Now, the sad part: OpenRC is not yet stable, and I haven’t fixed yet the NFS bug I found (you stop it into the container and the host’s NFS exports are destroyed.. bad script, bad script!). On the other hand, I’m not doing LXC daily any longer for the simplest reason: the tinderbox is set up as I wish already, for the most part, so I have little to no incentive to work more on this; the good news is,
I’m up for hire as I said for what concerns Ruby. So if you really want to use LXC in production and want me to improve whatever area Gentoo-related to it, including libvirt, you can just contact me.
Beside that, everything should be in place. Have fun working with LXC!
I just noticed that Roy is not working on OpenRC any more!!!Do you know what will be the future of this in Gentoo?It is the best RC system there is comparing to any other distribution, especially the networking part (of course).
The usual.. we’ll pick it up and hope not to screw it up… more than it is.To be honest, since Roy started working on it for NetBSD, Gentoo devs (Mike and William mostly) had to take a close look upon it.. and Robin was ready to split the “oldnet” code out of OpenRC and move it on its own package for Gentoo to maintain.Maybe we’ll revert a bit of “generalisation” to suit better Gentoo (without losing FreeBSD/NetBSD support hopefully), and then we should be able to keep it running, I don’t find the situation more distressing than having a Python team that cares not about users and other devs, or the fact that I’m still maintaining PAM alone (sigh!).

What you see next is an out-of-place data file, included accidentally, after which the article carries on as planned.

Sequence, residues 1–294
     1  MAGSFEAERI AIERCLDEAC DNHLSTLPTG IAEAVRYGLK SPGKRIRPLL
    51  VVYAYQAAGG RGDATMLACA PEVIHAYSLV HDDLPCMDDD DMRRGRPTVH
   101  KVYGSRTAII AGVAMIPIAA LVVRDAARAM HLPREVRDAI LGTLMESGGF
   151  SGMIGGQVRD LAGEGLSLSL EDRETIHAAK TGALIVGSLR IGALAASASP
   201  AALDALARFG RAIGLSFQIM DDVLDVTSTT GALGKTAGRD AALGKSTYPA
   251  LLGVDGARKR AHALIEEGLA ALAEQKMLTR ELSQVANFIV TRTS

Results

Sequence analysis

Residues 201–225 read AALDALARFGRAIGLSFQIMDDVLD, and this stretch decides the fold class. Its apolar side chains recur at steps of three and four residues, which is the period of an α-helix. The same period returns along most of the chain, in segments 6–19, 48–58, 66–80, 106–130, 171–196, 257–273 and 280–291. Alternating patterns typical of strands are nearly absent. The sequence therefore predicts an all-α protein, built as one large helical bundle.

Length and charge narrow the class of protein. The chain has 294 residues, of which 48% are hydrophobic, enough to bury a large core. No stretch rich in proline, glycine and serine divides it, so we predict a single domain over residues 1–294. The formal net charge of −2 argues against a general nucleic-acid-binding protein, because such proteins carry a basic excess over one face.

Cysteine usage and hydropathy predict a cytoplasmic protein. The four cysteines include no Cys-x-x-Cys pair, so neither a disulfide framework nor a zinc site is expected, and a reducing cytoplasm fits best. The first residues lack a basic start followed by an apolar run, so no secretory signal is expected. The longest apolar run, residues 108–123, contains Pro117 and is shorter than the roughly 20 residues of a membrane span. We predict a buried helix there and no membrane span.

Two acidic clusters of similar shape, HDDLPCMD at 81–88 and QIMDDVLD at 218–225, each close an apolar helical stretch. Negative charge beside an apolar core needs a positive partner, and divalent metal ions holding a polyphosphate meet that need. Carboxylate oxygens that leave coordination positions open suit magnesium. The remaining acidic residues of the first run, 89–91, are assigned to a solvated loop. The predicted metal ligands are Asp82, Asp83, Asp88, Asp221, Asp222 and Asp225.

Thanks!This is a relief!I never understand the new net direction… as the old is so great!One more aspect of openrc is that it works with busybox! I this is important for gentoo/embedded .I helped as much as I could for Roy to solve issues with openrc, I truly think that openrc (or baselayout-2) is much much better than baselayout-1.
bq. Maybe we’ll revert a bit of “generalisation” to suit better Gentoo (without losing FreeBSD/NetBSD support hopefully), and then we should be able to keep it running, I don’t find the situation more distressing than having a Python team that cares not about users and other devs, or the fact that I’m still maintaining PAM alone (sigh!).Good to see that at least few Linux people still care about portability. Unlike with certain other fancy init-systems where it is outright announced that portability will not be maintained even across Linux distributions.
Thanks for the interesting stuff…but could you please give some more details about the bridge (host side), and the ‘trickery’ with iptables ???